The Effect of Normally Consumed Amounts of Sucrose or High Fructose Corn Syrup on Lipid Profiles, Body Composition and Related Parameters in Overweight/Obese Subjects
Abbreviated Journal Title
sucrose; high fructose corn syrup; body mass; SUGAR-SWEETENED BEVERAGES; AMERICAN-HEART-ASSOCIATION; CONTROLLED; FEEDING TRIALS; MIDDLE-AGED WOMEN; CARDIOVASCULAR-DISEASE; INSULIN-RESISTANCE; DIETARY FRUCTOSE; BLOOD-PRESSURE; ESSENTIAL-HYPERTENSION; SCIENTIFIC STATEMENT; Nutrition & Dietetics
The American Heart Association (AHA) has advocated that women and men not consume more than 100 and 150 kcal/day, respectively, from added sugars. These levels are currently exceeded by over 90% of the adult population in the United States. Few data exist on longer-term metabolic effects when sucrose and High Fructose Corn Syrup (HFCS), the principal sources of added dietary sugars, are consumed at levels typical of the general population. Sixty five overweight and obese individuals were placed on a eucaloric (weight stable) diet for 10-weeks, which incorporated sucrose- or HFCS-sweetened, low-fat milk at 10% or 20% of calories in a randomized, double-blinded study. All groups responded similarly (interaction p > 0.05). There was no change in body weight in any of the groups over the 10-week study, or in systolic or diastolic blood pressure. Likewise, there were no changes in total cholesterol, triglycerides, low-density lipoprotein (LDL), or apolipoprotein B (Apo B). We conclude that (1) when consumed as part of a eucaloric diet fructosewhen given with glucose (as normally consumed) does not promote weight gain or an atherogenic lipid profile even when consumed at two to four times the level recently recommended by the AHA. (2) There were no differences between HFCS and sucrose on these parameters.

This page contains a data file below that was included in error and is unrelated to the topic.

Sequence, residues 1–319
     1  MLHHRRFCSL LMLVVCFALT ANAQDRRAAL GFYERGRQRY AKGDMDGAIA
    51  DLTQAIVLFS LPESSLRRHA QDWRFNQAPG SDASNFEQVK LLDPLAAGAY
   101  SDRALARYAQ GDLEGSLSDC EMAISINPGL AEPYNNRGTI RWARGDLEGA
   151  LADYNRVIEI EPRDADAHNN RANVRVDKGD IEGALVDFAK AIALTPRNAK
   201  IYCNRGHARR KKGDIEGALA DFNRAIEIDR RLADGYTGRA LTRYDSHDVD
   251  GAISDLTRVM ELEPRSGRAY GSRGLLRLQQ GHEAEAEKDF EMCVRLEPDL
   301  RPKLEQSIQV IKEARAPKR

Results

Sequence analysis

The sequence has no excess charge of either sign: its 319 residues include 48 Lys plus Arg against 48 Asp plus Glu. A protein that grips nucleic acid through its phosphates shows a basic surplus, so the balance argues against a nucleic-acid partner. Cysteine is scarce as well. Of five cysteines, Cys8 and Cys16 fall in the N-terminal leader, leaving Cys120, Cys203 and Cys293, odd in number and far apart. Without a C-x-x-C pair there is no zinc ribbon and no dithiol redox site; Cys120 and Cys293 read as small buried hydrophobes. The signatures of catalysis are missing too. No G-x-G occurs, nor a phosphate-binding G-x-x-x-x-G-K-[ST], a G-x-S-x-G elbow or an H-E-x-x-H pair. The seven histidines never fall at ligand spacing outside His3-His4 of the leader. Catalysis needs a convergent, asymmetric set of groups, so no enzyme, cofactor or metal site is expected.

"The Effect of Normally Consumed Amounts of Sucrose or High Fructose Corn Syrup on Lipid Profiles, Body Composition and Related Parameters in Overweight/Obese Subjects" (2014). Faculty Bibliography 2010s. 5721.